If there are Christian tattoo artists, we may have the next wave of anti-anti-discrimination cases.
I can’t say I find Mr. Bythewood’s argument for not providing the tattoo particularly convincing (is there really a “traditional tattoo honor code?”) but that’s the point. I don’t have to. It’s his business, and unless I’m very mistaken, he’s not the only tattoo artist in New York.
Anti-discrimination laws, including those based on gender, were most needed when discrimination was extensive, unregenerate and unlocalized. Since the 1950s, America has switched the defaults, and marginalized the kinds of discrimination that were taken for granted: based on race, gender, and now even sexual orientation. There will never be no discrimination unless someone has finally figured out a way to make a utopia work when its inhabitants will be human beings endowed with liberty. The best a free society can hope for is to stand, as a whole, for individual liberty, draw clear enough lines about what is truly out-of-bounds, and leave the gray areas for people to negotiate.
Getting a tattoo, ordering a cake for your wedding, arranging for a photographer to document your happiness; these are perfectly respectable gray areas where there are choices pretty much anywhere in this country. Those choices will not always be ideal ones everywhere, but unless the rule we are seeking is that everyone must have ideal choices everywhere, every time, we have to consider what the appropriate limits on government power must be.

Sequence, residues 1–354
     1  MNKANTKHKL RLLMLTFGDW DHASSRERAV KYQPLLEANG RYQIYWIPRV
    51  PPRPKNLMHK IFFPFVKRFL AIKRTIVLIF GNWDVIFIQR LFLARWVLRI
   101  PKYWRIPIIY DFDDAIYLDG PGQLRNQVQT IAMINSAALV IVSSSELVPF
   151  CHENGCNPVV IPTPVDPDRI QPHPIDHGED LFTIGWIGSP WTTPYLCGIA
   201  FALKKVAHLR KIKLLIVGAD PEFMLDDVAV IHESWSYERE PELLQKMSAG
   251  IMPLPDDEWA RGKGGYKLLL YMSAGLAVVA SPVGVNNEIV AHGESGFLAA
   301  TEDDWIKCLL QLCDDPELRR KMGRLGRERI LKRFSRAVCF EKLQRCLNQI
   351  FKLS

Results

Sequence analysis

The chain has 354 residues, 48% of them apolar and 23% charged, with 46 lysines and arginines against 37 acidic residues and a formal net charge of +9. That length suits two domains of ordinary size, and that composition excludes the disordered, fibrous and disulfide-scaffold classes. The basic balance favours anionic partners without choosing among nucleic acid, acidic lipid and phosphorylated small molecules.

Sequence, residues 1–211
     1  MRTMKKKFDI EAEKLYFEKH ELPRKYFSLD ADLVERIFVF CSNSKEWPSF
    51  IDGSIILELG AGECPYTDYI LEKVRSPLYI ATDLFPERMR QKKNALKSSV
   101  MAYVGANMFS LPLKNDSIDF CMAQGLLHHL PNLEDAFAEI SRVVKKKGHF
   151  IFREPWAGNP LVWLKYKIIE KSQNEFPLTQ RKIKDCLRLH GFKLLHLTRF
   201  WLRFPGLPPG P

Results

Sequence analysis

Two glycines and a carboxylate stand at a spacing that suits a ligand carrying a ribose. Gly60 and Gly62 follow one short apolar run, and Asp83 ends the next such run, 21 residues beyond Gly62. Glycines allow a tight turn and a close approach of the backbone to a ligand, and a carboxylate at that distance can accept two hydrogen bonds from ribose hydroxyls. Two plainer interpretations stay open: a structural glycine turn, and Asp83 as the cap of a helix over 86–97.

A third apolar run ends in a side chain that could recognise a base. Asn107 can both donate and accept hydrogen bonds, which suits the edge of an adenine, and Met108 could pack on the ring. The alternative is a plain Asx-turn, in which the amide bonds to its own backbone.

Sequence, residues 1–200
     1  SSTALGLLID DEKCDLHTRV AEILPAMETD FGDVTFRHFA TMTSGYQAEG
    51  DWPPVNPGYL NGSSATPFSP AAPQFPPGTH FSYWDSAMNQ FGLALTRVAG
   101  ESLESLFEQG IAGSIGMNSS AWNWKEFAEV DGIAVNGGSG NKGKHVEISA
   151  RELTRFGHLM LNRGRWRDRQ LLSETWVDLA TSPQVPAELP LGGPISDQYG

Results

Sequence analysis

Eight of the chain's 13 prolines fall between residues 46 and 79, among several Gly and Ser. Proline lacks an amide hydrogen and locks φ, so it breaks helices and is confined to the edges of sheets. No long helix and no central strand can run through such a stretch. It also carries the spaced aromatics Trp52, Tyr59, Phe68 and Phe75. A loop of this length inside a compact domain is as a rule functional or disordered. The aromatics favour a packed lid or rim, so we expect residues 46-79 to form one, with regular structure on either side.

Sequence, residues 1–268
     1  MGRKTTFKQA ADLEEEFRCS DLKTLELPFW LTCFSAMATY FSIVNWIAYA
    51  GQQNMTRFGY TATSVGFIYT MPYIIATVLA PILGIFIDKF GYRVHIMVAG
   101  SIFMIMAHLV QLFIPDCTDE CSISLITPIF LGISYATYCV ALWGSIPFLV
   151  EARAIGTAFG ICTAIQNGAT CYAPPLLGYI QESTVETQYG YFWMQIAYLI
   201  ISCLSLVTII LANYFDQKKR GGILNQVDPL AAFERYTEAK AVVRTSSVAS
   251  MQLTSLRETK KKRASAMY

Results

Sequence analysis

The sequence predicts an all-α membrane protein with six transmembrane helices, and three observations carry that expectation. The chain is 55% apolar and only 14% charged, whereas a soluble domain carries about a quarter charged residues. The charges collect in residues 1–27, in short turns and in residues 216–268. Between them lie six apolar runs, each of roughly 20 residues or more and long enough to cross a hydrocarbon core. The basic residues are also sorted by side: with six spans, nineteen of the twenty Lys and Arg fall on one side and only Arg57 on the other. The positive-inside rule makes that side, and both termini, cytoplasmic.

I don’t want my government demanding that I can get a tattoo or a cake from anyone I want. As an un-inked American, I could no more have gotten a tattoo from Mr. Bythewood than Jane Marie could. Going somewhere else is one of the calamities I must live with as someone who values a free society.
Bythewood is partly right that Jane Marie trivializes the tradition of feminism with her overstated “wolf cry.” But that kind of self-dramatizing is becoming endemic. As true discrimination has diminished, it takes more effort to play the victim. Histrionics are practically necessary.
This does not just trivialize the profoundly important movements that got us to today, it trivializes government itself. There are vitally important things that we should expect of our government. But policing an infinite number of daily commercial and personal transactions is not among them.